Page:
Studebaker Champion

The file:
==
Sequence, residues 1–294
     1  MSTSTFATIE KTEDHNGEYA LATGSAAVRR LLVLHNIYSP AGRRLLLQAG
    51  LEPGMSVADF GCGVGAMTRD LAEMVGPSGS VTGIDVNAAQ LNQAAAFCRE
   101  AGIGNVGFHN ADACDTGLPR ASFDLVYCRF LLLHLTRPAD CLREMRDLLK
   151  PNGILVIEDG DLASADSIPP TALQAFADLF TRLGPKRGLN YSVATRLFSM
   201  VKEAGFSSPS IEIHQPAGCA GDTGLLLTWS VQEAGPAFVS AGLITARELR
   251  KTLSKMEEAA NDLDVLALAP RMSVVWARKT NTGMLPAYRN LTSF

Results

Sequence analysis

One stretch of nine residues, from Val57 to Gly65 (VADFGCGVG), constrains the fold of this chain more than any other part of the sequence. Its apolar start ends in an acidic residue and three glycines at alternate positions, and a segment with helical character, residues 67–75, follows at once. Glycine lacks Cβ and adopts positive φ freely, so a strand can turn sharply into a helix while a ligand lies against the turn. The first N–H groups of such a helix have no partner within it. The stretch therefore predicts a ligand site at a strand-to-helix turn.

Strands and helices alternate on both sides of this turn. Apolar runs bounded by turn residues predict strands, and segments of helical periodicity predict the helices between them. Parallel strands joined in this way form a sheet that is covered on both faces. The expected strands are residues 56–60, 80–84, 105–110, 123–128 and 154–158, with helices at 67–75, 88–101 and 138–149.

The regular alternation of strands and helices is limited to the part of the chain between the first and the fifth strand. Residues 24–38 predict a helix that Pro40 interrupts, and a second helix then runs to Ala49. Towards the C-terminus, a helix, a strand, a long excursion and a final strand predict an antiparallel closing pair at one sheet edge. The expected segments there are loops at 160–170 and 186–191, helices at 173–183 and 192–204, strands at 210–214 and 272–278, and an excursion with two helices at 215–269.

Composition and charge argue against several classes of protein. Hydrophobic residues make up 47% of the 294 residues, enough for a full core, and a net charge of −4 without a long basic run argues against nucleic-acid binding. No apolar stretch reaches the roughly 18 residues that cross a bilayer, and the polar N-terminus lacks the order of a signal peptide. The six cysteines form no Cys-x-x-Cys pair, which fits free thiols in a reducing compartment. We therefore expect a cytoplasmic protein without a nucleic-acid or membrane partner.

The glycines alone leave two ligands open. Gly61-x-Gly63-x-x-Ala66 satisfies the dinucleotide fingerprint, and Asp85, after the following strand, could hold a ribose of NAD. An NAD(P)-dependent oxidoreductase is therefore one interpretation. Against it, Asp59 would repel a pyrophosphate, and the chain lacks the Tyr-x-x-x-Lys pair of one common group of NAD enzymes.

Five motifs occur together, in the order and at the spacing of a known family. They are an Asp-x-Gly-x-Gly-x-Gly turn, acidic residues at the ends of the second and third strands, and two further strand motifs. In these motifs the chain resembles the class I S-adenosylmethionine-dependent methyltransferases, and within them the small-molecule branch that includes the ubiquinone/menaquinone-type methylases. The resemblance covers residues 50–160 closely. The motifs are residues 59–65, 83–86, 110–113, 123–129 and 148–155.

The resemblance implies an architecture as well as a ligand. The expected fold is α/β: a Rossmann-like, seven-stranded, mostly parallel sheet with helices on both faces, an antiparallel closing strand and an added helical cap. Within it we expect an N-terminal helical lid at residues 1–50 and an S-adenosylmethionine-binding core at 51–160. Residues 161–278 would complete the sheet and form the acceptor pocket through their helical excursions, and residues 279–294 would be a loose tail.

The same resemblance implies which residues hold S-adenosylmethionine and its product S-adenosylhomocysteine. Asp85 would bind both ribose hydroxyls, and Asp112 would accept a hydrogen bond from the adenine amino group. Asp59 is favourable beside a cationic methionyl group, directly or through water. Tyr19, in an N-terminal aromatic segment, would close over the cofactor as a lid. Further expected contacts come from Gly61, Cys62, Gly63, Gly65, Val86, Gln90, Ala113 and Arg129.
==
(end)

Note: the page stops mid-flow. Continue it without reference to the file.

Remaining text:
The success of the Champion in 1939 was so important to Studebaker's survival following their weak sales during the 1938 model year. The Champion was an automobile of the Studebaker Corporation of South Bend, Indiana. Production began at the beginning of the 1939 model year and continued until 1958. At that point, the model was phased out in preparation for the 1959 Studebaker Lark. Unlike most other cars and although very costly, the Champion was designed from scratch. It did not share or utilize older parts. Prior to this time, Studebaker had been trying to return to a profitable position. They were very much on the brink of disaster. The Champion was one of Studebaker's best-selling models on account of its low price. For example, the price was $660 for the two-door business coupe in 1939. Further, the model had a durable engine and attractive styling making it well worth the low price anyway. This was a true combination of affordability and durability, and to boot, it did not look too bad. Market research funneled the selection of features, but a key principle adhered to was "Weight is the enemy". This resulted in the fact that for its size, it was one of the lightest cars in its era. The design of the car was handled by industrial designer Raymond Loewy who was at the time under contract with Studebaker for the design of their automobiles. Champions won economy runs by posting the highest in gas mileage tests. Further, during World War II, Champions were desirable for their high fuel economy in a time when gas was rationed in the United States. Additionally, from 1943 to 1945 the Champion motor was used as the engine for the unique Studebaker M29 Weasel model. The Weasel was a personal and cargo model thus making it quite peculiar.